Holyrood 2016: Greens 'confident' 60p tax rate would generate revenue
The Scottish Green Party's co-convenor has said he was confident charging the highest earners 60% income tax would generate revenue.
Patrick Harvie rejected the view that the richest in Scotland would move their tax affairs if the rate went up.
He told the BBC that HMRC was working to reduce the risk of people looking for a more favourable tax set up.
The Scottish Greens want to see a new 60p income tax introduced for those earning more than £150,000 a year.
The party has also set out plans - ahead of the Holyrood election on 5 May - for a new 43p rate, starting at £43,000.
Speaking to BBC Radio Scotland's Good Morning Scotland programme, Mr Harvie said: "A great many of the people who are in that highest tax band in Scotland I believe would remain in Scotland.
"I am very confident that it [new 60p rate] would raise additional revenue, but for safety sake we have not build in an assumption about the additional revenue that would come in from that highest tax bracket.
"The most important thing about our tax proposals though is that most people would be better off."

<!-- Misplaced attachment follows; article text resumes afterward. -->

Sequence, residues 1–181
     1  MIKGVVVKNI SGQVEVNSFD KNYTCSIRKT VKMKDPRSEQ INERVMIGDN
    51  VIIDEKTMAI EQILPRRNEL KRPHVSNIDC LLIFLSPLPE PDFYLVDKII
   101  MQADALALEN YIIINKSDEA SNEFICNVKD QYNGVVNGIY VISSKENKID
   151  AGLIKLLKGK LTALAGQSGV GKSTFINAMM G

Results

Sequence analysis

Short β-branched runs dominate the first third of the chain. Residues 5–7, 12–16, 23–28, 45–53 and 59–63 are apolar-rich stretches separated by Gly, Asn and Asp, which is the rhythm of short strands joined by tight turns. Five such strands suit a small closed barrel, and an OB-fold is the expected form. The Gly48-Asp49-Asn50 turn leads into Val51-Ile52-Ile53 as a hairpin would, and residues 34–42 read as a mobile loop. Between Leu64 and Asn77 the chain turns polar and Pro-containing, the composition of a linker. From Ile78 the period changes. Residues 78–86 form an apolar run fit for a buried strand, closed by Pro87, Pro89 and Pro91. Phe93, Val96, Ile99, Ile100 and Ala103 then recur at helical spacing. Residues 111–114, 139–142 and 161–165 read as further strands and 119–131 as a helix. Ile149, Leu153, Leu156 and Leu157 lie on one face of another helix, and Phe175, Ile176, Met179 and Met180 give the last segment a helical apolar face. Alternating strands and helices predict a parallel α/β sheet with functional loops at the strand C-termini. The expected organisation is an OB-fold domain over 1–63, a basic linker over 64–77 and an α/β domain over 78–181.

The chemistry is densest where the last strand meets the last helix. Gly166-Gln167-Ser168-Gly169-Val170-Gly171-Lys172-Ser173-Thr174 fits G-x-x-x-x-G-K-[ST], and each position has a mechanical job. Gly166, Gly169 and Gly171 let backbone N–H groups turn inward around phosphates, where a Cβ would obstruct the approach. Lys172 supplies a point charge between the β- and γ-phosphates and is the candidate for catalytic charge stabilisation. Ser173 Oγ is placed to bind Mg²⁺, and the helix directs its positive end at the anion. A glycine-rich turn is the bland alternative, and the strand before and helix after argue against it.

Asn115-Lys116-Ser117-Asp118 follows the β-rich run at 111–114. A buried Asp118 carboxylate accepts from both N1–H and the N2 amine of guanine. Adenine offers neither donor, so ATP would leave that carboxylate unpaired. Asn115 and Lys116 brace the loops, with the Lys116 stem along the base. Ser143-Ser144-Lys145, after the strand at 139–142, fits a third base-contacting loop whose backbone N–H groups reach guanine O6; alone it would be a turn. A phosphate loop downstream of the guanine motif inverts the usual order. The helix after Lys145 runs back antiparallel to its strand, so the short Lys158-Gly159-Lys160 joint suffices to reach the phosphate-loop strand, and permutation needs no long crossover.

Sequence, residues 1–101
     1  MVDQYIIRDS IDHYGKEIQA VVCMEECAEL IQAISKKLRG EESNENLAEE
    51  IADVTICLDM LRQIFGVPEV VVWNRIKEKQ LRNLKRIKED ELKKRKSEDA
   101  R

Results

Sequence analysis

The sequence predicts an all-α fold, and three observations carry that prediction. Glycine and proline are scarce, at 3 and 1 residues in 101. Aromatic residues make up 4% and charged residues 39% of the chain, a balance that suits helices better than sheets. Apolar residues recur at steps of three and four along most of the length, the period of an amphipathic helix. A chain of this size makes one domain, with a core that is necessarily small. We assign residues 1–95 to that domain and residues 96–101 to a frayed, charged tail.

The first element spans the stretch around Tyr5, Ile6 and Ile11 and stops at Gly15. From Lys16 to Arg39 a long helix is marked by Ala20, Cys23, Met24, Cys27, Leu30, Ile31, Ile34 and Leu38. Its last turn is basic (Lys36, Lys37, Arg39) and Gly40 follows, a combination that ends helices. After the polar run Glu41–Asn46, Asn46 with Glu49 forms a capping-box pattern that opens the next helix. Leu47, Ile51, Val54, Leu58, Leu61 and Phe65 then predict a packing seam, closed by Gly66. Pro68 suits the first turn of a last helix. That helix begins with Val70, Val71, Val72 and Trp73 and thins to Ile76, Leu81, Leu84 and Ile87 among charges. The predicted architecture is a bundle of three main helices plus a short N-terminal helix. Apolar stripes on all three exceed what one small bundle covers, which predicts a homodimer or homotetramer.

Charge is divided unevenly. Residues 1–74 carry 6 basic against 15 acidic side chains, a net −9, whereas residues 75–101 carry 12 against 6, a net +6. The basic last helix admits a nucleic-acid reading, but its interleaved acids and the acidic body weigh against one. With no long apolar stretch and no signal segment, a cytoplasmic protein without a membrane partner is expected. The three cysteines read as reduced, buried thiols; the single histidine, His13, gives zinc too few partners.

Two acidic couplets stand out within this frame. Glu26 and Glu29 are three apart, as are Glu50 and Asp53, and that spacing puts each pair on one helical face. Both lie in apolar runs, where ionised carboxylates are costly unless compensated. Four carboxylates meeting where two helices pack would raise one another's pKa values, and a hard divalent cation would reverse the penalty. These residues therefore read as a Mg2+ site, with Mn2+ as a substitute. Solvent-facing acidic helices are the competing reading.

Currently, basic income tax is charged at 20p in the pound; higher rate earners are charged 40p in the pound and additional rate earners pay 45p in the pound.
The SNP said the time was not right to increase the additional rate because of worries the 17,000 people who pay it in Scotland might move their tax affairs elsewhere.
Scottish Labour wants to see the 45p rate raised to 50p; the Scottish Conservatives are proposing no change and the Scottish Liberal Democrats want a penny on all bands including the 45p going to 46p.
The Scottish Greens estimate that under their plan, tax payers would only start to pay more once they were earning about £27,000 a year.
'Value of the asset'
Mr Harvie argues that those people who benefit from the Greens' plan on income tax would "also benefit from our proposals on replacing the council tax".
He told presenter Gary Robertson: "Most houses would be of a higher value in absolute terms but under our proposals most households would be paying less in their local tax.
"Yes, we would be talking about an increase for those that are of extremely high value properties and if you are sitting on a property which has gone up dramatically in value, the economy as a whole, our community as a whole, has increased the value of the asset you are sitting on.
"It is reasonable that some of that increased value comes back to the public purse."